1163 "Holy Mother Church believes that she should celebrate the saving work of her divine Spouse in a sacred commemoration on certain days throughout the course of the year. Once each week, on the day which she has called the Lord's Day, she keeps the memory of the Lord's resurrection. She also celebrates it once every year, together with his blessed Passion, at Easter, that most solemn of all feasts. In the course of the year, moreover, she unfolds the whole mystery of Christ .... Thus recalling the mysteries of the redemption, she opens up to the faithful the riches of her Lord's powers and merits, so that these are in some way made present in every age; the faithful lay hold of them and are filled with saving grace."
1164 From the time of the Mosaic law, the People of God have observed fixed feasts, beginning with Passover, to commemorate the astonishing actions of the Savior God, to give him thanks for them, to perpetuate their remembrance, and to teach new generations to conform their conduct to them. In the age of the Church, between the Passover of Christ already accomplished once for all, and its consummation in the kingdom of God, the liturgy celebrated on fixed days bears the imprint of the newness of the mystery of Christ.
1165 When the Church celebrates the mystery of Christ, there is a word
that marks her prayer: "Today!" - a word echoing the prayer her Lord
taught her and the call of the Holy Spirit. This "today" of the living
God which man is called to enter is "the hour" of Jesus' Passover, which
reaches across and underlies all history:
Life extends over all beings and fills them with unlimited light; the Orient of orients pervades the universe, and he who was "before the daystar" and before the heavenly bodies, immortal and vast, the great Christ, shines over all beings more brightly than the sun. Therefore a day of long, eternal light is ushered in for us who believe in him, a day which is never blotted out: the mystical Passover.
1166 "By a tradition handed down from the apostles which took its origin
from the very day of Christ's Resurrection, the Church celebrates the
Paschal mystery every seventh day, which day is appropriately called the
Lord's Day or Sunday." The day of Christ's Resurrection is both the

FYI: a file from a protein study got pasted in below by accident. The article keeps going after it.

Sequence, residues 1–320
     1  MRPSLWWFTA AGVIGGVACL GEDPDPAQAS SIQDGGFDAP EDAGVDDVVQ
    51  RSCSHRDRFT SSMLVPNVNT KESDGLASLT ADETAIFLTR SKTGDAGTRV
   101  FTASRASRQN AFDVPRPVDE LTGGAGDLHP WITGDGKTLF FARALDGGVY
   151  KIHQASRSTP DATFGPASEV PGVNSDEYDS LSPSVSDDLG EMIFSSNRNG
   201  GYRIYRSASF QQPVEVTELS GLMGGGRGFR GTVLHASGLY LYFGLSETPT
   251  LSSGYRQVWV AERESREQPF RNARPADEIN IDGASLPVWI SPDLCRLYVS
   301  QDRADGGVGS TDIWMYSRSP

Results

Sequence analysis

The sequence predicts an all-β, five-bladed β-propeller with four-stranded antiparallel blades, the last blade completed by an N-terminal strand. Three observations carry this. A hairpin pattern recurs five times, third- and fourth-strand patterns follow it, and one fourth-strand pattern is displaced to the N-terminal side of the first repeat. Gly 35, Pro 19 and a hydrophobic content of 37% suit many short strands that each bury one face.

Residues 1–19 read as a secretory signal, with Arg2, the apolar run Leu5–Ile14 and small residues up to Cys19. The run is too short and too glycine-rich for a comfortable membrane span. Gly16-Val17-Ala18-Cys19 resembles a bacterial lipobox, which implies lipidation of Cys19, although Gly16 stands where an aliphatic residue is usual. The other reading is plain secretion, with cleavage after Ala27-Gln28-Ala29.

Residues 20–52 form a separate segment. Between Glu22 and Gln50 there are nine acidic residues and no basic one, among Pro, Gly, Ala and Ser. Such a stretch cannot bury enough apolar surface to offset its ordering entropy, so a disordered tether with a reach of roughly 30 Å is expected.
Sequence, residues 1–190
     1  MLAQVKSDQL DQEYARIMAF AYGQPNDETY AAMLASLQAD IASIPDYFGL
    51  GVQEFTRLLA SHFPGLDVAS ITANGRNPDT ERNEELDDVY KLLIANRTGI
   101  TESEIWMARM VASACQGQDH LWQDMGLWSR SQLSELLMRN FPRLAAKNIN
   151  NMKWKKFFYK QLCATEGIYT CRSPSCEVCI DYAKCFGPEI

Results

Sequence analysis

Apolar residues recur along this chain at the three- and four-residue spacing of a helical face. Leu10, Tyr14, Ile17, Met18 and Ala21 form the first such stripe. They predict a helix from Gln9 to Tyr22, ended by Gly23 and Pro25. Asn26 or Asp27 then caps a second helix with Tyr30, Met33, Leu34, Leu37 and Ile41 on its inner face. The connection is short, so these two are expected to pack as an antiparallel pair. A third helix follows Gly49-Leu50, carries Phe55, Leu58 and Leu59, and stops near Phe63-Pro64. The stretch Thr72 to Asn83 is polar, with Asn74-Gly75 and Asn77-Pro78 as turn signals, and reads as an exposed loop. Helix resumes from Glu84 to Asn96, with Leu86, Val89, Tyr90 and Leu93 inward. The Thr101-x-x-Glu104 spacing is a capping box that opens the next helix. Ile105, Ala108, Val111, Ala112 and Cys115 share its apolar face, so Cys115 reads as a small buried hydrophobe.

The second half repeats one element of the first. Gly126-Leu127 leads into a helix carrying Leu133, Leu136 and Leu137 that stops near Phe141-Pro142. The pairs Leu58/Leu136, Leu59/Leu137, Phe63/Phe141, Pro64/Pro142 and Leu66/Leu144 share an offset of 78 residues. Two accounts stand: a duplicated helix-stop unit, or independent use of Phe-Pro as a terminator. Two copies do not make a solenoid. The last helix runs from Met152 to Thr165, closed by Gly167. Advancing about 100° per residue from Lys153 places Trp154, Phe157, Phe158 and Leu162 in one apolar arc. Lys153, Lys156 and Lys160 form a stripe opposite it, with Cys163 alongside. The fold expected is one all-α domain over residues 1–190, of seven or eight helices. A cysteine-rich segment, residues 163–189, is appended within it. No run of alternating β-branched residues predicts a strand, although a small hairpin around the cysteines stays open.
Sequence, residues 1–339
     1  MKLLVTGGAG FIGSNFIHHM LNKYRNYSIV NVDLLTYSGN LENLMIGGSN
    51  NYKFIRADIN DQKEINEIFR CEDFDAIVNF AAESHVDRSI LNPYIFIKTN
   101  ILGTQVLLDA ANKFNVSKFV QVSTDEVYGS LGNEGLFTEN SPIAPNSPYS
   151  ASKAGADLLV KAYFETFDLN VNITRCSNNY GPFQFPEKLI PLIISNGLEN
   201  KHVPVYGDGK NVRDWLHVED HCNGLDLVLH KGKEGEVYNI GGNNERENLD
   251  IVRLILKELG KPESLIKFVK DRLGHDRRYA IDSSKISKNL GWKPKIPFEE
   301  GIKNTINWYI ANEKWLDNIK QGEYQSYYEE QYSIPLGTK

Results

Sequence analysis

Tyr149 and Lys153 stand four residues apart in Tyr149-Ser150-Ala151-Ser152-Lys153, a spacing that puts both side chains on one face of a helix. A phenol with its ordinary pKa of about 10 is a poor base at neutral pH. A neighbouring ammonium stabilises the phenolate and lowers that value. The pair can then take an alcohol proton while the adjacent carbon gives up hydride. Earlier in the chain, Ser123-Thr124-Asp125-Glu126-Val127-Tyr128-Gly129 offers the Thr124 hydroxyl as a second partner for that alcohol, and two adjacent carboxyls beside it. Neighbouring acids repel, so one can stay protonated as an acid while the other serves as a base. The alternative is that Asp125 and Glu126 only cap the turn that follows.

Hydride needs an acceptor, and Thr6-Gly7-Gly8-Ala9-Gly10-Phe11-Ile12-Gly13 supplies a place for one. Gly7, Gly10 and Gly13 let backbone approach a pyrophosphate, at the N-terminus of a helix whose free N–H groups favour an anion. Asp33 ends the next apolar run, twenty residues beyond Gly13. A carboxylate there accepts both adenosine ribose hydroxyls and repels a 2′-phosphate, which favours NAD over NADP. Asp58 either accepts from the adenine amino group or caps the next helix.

first day of the week, the memorial of the first day of creation, and the
"eighth day," on which Christ after his "rest" on the great sabbath
inaugurates the "day that the Lord has made," the "day that knows no
evening." The Lord's Supper is its center, for there the whole community
of the faithful encounters the risen Lord who invites them to his
The Lord's day, the day of Resurrection, the day of Christians, is our day. It is called the Lord's day because on it the Lord rose victorious to the Father. If pagans call it the "day of the sun," we willingly agree, for today the light of the world is raised, today is revealed the sun of justice with healing in his rays.
1167 Sunday is the pre-eminent day for the liturgical assembly, when the
faithful gather "to listen to the word of God and take part in the
Eucharist, thus calling to mind the Passion, Resurrection, and glory of
the Lord Jesus, and giving thanks to God who 'has begotten them again, by
the resurrection of Jesus Christ from the dead' unto a living hope":
When we ponder, O Christ, the marvels accomplished on this day, the Sunday of your holy resurrection, we say: "Blessed is Sunday, for on it began creation . . . the world's salvation ... the renewal of the human race .... On Sunday heaven and earth rejoiced and the whole universe was filled with light. Blessed is Sunday, for on it were opened the gates of paradise so that Adam and all the exiles might enter it without fear.
1168 Beginning with the Easter Triduum as its source of light, the new age of the Resurrection fills the whole liturgical year with its brilliance. Gradually, on either side of this source, the year is transfigured by the liturgy. It really is a "year of the Lord's favor." The economy of salvation is at work within the framework of time, but since its fulfillment in the Passover of Jesus and the outpouring of the Holy Spirit, the culmination of history is anticipated "as a foretaste," and the kingdom of God enters into our time.
1169 Therefore Easter is not simply one feast among others, but the "Feast of feasts," the "Solemnity of solemnities," just as the Eucharist is the "Sacrament of sacraments" (the Great Sacrament). St. Athanasius calls Easter "the Great Sunday" and the Eastern Churches call Holy Week "the Great Week." The mystery of the Resurrection, in which Christ crushed death, permeates with its powerful energy our old time, until all is subjected to him.
1170 At the Council of Nicaea in 325, all the Churches agreed that Easter, the Christian Passover, should be celebrated on the Sunday following the first full moon (14 Nisan) after the vernal equinox. The reform of the Western calendar, called "Gregorian" after Pope Gregory XIII (1582), caused a discrepancy of several days with the Eastern calendar. Today, the Western and Eastern Churches are seeking an agreement in order once again to celebrate the day of the Lord's Resurrection on a common date.
1171 In the liturgical year the various aspects of the one Paschal mystery unfold. This is also the case with the cycle of feasts surrounding the mystery of the incarnation (Annunciation, Christmas, Epiphany). They commemorate the beginning of our salvation and communicate to us the first fruits of the Paschal mystery.